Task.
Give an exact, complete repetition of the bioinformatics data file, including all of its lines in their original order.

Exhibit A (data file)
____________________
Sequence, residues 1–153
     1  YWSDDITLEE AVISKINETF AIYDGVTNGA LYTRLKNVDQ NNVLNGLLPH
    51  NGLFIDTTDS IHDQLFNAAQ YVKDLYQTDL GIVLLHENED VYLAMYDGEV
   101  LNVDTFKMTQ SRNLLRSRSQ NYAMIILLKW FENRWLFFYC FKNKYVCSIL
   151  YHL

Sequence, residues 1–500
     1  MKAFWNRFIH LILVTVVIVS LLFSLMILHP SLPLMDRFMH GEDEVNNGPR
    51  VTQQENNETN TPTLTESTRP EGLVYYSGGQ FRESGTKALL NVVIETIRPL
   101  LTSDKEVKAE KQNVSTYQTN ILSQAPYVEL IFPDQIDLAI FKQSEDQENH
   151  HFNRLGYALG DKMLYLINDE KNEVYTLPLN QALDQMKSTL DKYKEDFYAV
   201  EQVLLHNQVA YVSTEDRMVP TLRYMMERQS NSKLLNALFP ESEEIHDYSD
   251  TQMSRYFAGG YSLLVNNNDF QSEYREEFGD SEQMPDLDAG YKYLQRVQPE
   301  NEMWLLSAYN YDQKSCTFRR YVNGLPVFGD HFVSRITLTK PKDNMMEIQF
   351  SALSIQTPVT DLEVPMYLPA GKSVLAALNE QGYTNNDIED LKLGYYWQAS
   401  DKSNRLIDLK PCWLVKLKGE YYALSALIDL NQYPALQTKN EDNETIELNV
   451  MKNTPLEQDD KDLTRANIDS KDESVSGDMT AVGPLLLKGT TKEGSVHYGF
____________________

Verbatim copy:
Sequence, residues 1–153
     1  YWSDDITLEE AVISKINETF AIYDGVTNGA LYTRLKNVDQ NNVLNGLLPH
    51  NGLFIDTTDS IHDQLFNAAQ YVKDLYQTDL GIVLLHENED VYLAMYDGEV
   101  LNVDTFKMTQ SRNLLRSRSQ NYAMIILLKW FENRWLFFYC FKNKYVCSIL
   151  YHL

Sequence, residues 1–500
     1  MKAFWNRFIH LILVTVVIVS LLFSLMILHP SLPLMDRFMH GEDEVNNGPR
    51  VTQQENNETN TPTLTESTRP EGLVYYSGGQ FRESGTKALL NVVIETIRPL
   101  LTSDKEVKAE KQNVSTYQTN ILSQAPYVEL IFPDQIDLAI FKQSEDQENH
   151  HFNRLGYALG DKMLYLINDE KNEVYTLPLN QALDQMKSTL DKYKEDFYAV
   201  EQVLLHNQVA YVSTEDRMVP TLRYMMERQS NSKLLNALFP ESEEIHDYSD
   251  TQMSRYFAGG YSLLVNNNDF QSEYREEFGD SEQMPDLDAG YKYLQRVQPE
   301  NEMWLLSAYN YDQKSCTFRR YVNGLPVFGD HFVSRITLTK PKDNMMEIQF
   351  SALSIQTPVT DLEVPMYLPA GKSVLAALNE QGYTNNDIED LKLGYYWQAS
   401  DKSNRLIDLK PCWLVKLKGE YYALSALIDL NQYPALQTKN EDNETIELNV
   451  MKNTPLEQDD KDLTRANIDS KDESVSGDMT AVGPLLLKGT TKEGSVHYGF